Firefox is terrible. It's embarrassing. And, I've completely lost interest in arguing over it anymore. The responses from Mozilla, Asa especially, have either been, "We don't think that's a problem", or sometimes, "go piss up a rope". Other people constantly chime in and say, "But I don't have that problem!", as if that somehow makes it better for the many many people who do have problems with Firefox.
Fortunately, this isn't quite Netscape versus Internet Explorer all over again; this time, we have a well-supported third option, too.
I don't think this is very fair to the Mozilla folks. From the few people that I've met (and complained to about Android Firefox) the response has been "why don't you grab the latest version and see if that fixes the problems?" And if it doesn't, then the response is "file a bug."
While I don't have any personal experience with Asa, he has responded to this article with exactly the same response (http://news.ycombinator.com/item?id=3108498).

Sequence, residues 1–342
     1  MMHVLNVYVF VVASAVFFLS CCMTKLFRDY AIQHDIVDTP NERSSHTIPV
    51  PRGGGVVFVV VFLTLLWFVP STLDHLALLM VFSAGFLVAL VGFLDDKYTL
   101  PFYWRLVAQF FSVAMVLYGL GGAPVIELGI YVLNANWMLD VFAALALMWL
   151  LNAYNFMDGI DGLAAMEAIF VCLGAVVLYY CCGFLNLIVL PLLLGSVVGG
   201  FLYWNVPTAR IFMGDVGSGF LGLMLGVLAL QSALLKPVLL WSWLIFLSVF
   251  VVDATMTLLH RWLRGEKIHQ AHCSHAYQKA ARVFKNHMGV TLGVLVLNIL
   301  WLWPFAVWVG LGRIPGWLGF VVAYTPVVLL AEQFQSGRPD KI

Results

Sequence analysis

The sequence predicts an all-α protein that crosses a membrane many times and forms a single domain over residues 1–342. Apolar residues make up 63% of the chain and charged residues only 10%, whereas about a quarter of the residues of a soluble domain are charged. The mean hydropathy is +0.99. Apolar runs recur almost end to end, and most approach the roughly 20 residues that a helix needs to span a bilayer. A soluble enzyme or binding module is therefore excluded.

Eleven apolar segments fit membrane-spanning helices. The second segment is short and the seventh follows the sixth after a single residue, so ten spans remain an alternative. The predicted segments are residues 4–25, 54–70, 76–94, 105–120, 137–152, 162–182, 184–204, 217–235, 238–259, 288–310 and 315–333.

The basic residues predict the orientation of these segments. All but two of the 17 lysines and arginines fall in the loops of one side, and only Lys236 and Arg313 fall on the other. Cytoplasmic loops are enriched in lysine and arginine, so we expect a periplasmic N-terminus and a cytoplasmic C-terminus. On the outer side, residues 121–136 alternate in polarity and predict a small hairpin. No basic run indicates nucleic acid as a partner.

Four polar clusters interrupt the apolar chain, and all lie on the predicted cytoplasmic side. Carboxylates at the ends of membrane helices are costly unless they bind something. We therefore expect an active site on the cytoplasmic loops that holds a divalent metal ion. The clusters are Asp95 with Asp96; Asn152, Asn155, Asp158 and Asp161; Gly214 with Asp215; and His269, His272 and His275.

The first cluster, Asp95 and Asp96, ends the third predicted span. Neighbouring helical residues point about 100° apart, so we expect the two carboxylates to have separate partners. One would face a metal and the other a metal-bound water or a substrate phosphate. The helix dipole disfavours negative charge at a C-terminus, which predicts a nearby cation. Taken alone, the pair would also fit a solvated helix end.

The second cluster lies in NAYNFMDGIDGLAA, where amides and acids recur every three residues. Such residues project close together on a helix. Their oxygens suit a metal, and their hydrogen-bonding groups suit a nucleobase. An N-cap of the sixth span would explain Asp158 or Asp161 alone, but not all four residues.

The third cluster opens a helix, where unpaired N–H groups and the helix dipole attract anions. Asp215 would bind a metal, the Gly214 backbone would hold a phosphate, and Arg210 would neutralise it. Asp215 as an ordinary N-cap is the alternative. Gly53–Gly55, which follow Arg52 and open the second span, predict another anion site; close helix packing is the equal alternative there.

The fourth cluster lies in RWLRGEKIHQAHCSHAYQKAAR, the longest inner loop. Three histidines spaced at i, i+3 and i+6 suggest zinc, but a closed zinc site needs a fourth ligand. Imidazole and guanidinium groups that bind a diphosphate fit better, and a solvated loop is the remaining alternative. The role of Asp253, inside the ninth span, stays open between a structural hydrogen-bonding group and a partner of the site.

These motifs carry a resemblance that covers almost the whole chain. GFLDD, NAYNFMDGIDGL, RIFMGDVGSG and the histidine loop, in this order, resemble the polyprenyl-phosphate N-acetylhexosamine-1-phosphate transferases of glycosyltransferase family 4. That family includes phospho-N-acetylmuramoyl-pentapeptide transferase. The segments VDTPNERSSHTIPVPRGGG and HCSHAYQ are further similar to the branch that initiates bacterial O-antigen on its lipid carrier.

And now for the part that will probably make me really unpopular here: if they fix major issues in an upcoming update, that's great. But, people have been complaining for years about performance problems, and IMO there should have been a show-stopping effort to fix it a long time ago, rather than the incremental efforts that, to many users' perceptions, have made little to no improvement.
The push towards rapid release cycles in many parts of the software industry seems to be leaving behind the principle of getting it right the first time.
Anyway, that's all the time I have for this nonsense, because I've got a couple of projects of my own with unresolved issues, and I don't want to be a hypocrite.
: https://bugzilla.mozilla.org/show_bug.cgi?id=157846, https://bugzilla.mozilla.org/show_bug.cgi?id=289384, others.
: https://bugzilla.mozilla.org/show_bug.cgi?id=668655#c1, more discussion at http://news.ycombinator.com/item?id=2741660